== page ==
Saturday, April 23, 2011

Edit it yourself

Years ago, my boss bragged that he could cut Shakespeare. That's not true, of course, so I took up the challenge. We had to write newspaper columns that came up a little short so we could put a little info box underneath. So I worked on a column that was a little long to see if he'd jump it inside ... or just end-cut it.

He read it confidently, then went back through it a second time. Then a third time. After a fourth attempt at editing and cutting it, he was getting almost angry. He turned to me and said "Jump it!" He used one or two questionable words as he said it.

I know a great newspaper columnist who writes well, then spends an hour or so editing and proofreading his work. He hones and polishes it. It's almost impossible to edit or cut his writing. My former boss would have had to jump it.

Another terrific newspaper columnist might be finished 20 minutes after a sporting event was done; sometimes he'd even beat most of the traffic. He was good, but he'd have been even better if he'd read his work a few times and found his typos and misspellings.

I've worked with a couple of men who would file stories five or six hours after a football game ended, and you'd still pull your hair out trying to fix it. They were not natural self-editors.

Another guy threw the kitchen sink in his writing. He used every note and every quote he had. It was up to us to figure out what would be the lead, the sidebar and, perhaps, the notes. He was a good writer who could have really stood out if he'd been willing to make more choices.

Still another writer thought so much of himself that he didn't self-edit. And his writing was a mess. One editor wasn't enough; five might not catch all of his errors.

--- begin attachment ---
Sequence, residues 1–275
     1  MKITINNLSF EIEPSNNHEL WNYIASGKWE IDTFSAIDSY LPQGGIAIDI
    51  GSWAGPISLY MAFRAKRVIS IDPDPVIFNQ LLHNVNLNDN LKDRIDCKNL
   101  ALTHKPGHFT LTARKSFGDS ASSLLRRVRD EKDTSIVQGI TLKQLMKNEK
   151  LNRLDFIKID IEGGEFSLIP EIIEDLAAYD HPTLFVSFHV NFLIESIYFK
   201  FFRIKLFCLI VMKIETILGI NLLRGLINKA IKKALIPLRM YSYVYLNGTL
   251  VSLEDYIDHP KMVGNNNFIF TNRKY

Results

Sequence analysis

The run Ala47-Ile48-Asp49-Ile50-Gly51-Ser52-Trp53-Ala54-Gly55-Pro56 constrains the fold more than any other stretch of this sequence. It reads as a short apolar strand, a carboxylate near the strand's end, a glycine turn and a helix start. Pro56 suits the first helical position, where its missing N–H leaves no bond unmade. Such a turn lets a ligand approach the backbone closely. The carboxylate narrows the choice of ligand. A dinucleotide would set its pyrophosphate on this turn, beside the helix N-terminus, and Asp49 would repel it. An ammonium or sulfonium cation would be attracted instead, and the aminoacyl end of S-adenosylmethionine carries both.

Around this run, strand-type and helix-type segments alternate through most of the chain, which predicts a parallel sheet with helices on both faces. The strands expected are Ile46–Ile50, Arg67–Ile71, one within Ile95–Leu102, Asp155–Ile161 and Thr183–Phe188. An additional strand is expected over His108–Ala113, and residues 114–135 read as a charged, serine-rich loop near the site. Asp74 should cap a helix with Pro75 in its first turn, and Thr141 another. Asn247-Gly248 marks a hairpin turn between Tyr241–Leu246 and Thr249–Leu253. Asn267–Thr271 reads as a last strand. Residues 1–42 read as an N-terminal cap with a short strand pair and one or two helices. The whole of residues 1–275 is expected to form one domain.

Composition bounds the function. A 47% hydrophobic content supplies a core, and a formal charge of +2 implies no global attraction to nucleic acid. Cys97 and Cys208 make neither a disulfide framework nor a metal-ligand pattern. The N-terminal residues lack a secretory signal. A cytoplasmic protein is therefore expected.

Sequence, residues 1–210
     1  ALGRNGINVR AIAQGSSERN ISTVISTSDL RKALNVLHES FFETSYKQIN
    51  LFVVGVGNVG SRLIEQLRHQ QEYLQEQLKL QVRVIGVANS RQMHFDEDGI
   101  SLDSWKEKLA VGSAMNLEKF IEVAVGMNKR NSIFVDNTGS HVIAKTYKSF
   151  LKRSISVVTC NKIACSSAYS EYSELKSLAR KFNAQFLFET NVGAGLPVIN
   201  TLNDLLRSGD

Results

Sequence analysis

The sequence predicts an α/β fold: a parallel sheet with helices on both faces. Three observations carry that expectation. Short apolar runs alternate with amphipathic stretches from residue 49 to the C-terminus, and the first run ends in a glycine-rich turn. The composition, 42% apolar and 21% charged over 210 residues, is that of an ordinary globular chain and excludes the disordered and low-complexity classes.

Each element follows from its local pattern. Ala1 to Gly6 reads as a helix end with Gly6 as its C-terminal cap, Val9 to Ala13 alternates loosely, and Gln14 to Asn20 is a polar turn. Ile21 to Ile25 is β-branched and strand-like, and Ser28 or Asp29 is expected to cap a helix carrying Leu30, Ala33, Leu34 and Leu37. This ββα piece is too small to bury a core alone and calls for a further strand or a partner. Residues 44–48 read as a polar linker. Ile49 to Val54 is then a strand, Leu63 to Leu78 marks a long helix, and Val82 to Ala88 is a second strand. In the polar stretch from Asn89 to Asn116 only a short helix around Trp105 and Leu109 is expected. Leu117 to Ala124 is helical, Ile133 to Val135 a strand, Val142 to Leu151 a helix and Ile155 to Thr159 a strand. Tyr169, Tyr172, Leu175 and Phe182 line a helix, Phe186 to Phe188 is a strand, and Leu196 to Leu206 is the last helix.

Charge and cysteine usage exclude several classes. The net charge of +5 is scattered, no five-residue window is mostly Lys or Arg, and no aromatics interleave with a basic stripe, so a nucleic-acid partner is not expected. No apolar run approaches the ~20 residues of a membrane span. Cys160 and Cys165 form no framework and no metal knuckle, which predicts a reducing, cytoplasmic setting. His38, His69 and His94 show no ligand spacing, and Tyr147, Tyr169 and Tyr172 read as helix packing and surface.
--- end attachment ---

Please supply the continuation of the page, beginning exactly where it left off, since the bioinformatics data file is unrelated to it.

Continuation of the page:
For years, I covered sporting events, usually auto racing, although you'd see me at football, basketball, baseball, golf and even bodybuilding. I wrote features and game stories, and it was a battle for me. If I hurried, my writing was a mess. If I had time to edit, it could shine.

Which means that I am a typical professional writer. Sometimes I'll be 30 or 45 minutes ahead of time, but, usually, I'm fighting the clock and the editor in my head "looking over my shoulder."

I just start writing; I don't have time for writer's block. I need a lead, of course. I'll put a so-called Associated Press lead (Joe Schmoe scored 24 points, including the last five, as So-And-So beat...). I'll often find a better lead in the middle of my story, so I'll move it to the top, and work the old lead into the story.

I always write by the number of words. If a story needs to be 500 words, I write 550. Then I tighten it to 480 and write some more. Then I cut it to 500 again. I'm always adding more information and finding ways to tighten and improve. If I have time, great. If not, well, I'll do my best.

Two things: Be on time, and be right with your information.

Contact: I can be reached at or Also, my Twitter handle is EDITORatWORK.

(a book of great stories about the Intimidator)
(the book of great NASCAR stories)

More blog entries by Tom Gillispie

Anecdotes by Tom Gillispie

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